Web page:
There was no one to pull her away now, to protect her. She held her bloody hands in front of her, looked down at the sticky mess on her coat. No water to wash with, no way to rinse it all away. She stripped naked, kicked the clothes across the room, and tried to clean up from a small snowdrift blown inside through a broken window pane. She rubbed her fingers till they were numb, clawed at the traces of crimson around the nails, in the creases. She used their sleeping bag to dry herself, shuddering, shivering, then pulled on dry clothes from her backpack, jeans, a hoodie, but no coat, no gloves. Both their coats were covered in blood and the drop-in center had been out of gloves when they tried to get some yesterday.
Snow did not look at Blitz again, but she could see him still, would always see him, slumped against the wall with wide, dead eyes, a trail of drying blood from neck to lap.
The house they were squatting in had all the ground level doors and windows boarded up, which had made it feel safe when they first settled in. The only way to exit was by descending into the dark basement and climbing out the side window. Lifting a loose board that hid the cracked glass, she wiped at the dusty panes and peered out. Wisps of snow twirled in the empty lot next door, but nothing else stirred. She threw her pack out first and squirmed through, lowering the window quietly behind her.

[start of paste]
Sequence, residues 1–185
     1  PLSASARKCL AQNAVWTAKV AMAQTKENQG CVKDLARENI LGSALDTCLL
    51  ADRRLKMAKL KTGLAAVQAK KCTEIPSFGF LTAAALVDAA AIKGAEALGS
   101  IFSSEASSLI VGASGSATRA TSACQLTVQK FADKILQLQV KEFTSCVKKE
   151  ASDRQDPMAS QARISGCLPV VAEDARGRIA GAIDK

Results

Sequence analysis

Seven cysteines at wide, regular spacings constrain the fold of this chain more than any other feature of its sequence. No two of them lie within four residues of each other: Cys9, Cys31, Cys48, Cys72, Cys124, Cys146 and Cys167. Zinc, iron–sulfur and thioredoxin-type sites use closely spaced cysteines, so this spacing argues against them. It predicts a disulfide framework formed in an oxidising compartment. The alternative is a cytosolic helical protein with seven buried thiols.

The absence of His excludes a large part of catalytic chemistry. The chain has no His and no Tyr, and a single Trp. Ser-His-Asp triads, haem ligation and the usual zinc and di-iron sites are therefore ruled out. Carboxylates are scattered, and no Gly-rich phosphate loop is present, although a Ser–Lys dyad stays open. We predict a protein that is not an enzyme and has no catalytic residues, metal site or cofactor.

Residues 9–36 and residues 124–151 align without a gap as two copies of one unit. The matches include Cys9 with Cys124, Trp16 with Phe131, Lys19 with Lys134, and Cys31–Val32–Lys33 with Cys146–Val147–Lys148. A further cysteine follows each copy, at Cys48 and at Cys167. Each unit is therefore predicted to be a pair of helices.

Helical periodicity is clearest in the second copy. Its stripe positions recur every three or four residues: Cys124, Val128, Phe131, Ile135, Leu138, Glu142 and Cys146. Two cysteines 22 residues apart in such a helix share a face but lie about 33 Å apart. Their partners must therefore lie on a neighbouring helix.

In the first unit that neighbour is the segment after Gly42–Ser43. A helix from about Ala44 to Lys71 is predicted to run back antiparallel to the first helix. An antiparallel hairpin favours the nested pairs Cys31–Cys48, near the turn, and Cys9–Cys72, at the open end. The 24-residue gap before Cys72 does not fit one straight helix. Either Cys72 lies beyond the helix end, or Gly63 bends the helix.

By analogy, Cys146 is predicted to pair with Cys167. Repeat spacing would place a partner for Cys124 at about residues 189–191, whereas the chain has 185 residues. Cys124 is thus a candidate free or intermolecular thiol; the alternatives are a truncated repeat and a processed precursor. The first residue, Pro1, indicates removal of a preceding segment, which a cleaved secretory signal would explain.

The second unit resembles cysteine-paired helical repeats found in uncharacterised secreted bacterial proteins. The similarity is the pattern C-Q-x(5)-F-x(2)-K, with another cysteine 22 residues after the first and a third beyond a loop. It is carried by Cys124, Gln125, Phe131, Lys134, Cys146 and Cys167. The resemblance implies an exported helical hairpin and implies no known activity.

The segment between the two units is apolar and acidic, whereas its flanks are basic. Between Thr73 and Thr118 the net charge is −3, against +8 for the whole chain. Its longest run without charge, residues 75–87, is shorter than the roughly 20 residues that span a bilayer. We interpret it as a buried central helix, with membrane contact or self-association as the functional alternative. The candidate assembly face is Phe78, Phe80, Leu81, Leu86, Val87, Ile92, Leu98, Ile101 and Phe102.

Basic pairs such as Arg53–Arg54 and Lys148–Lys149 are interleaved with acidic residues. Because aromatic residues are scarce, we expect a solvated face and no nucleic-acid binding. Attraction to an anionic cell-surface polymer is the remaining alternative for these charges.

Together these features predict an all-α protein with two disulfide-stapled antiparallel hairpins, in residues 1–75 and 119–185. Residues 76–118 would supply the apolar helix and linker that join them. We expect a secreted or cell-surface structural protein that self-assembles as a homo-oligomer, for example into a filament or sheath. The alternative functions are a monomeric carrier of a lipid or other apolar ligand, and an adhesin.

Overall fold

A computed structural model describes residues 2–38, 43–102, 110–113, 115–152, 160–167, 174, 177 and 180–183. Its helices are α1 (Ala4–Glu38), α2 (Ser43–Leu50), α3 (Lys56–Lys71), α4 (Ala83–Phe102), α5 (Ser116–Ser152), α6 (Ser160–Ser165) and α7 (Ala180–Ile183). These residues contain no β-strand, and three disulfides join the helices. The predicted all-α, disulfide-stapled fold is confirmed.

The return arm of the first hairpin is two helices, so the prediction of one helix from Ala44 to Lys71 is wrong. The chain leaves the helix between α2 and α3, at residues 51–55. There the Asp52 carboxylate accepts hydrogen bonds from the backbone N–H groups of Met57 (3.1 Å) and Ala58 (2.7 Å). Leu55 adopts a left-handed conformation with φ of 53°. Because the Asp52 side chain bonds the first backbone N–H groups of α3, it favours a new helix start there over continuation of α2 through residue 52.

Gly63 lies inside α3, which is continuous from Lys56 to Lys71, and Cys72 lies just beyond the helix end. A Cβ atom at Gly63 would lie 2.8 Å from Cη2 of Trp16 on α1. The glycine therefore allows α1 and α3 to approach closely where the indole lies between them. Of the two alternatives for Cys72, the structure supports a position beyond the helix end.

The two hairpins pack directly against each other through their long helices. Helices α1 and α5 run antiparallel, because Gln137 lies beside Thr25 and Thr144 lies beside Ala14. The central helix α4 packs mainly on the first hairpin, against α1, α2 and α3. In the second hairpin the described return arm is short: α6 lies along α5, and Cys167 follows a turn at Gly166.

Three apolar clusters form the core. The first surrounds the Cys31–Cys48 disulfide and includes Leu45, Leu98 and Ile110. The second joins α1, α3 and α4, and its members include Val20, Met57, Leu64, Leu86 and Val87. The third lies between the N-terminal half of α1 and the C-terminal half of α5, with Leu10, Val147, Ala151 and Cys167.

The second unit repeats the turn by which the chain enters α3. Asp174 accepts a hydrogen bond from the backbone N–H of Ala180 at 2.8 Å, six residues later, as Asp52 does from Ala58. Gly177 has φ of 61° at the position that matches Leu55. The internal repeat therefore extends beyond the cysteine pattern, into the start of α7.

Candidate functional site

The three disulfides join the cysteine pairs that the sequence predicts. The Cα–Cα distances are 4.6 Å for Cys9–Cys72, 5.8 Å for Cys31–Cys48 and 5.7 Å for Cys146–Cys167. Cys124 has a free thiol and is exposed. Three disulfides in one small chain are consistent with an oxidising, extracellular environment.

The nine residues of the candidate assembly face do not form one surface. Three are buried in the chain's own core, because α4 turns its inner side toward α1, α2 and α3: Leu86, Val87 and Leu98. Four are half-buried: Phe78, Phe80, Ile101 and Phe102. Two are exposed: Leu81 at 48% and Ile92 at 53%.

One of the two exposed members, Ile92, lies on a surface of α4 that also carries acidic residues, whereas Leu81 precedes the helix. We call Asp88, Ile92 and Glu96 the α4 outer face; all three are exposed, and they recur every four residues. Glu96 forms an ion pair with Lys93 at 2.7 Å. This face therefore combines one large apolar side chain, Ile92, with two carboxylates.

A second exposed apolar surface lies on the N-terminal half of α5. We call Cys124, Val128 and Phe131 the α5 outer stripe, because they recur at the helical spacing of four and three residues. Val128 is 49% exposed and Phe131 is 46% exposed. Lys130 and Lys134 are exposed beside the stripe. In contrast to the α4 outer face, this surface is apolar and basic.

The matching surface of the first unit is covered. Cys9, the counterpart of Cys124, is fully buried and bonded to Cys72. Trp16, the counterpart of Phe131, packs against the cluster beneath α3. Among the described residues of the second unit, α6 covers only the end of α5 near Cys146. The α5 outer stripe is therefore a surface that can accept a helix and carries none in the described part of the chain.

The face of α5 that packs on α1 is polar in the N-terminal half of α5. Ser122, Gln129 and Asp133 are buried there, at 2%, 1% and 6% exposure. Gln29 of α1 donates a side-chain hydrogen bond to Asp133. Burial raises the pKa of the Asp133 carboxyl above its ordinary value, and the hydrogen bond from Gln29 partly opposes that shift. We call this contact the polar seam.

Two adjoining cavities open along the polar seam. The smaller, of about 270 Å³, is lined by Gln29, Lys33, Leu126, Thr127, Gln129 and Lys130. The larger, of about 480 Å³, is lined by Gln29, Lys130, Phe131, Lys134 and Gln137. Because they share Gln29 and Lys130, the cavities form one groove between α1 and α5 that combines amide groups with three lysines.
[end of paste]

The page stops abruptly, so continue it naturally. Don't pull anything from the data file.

The snow had stopped and gray clouds made it nearly night already. A cold wind cut through her sweatshirt as she pulled on her backpack and headed across the lot. The west side of Chicago was changing and not too far away new townhouses were going up, old brownstones being renovated. Here in gang territory, however, it still looked as demolished and war-strewn as 73rd and Paxton.
A stray dog looked up from a pile of trash when she passed, ready to run if he had to. She crossed California to the alley behind a half demolished building. A dumpster sat, half filled with rubble from the destruction, and there was a spot between it and the wall where the ground was still dry. Squeezing into it butt first, Snow used her backpack as a seat cushion. Wind kicked up light flakes around the building she’d just left, like some ugly, dirty snow globe.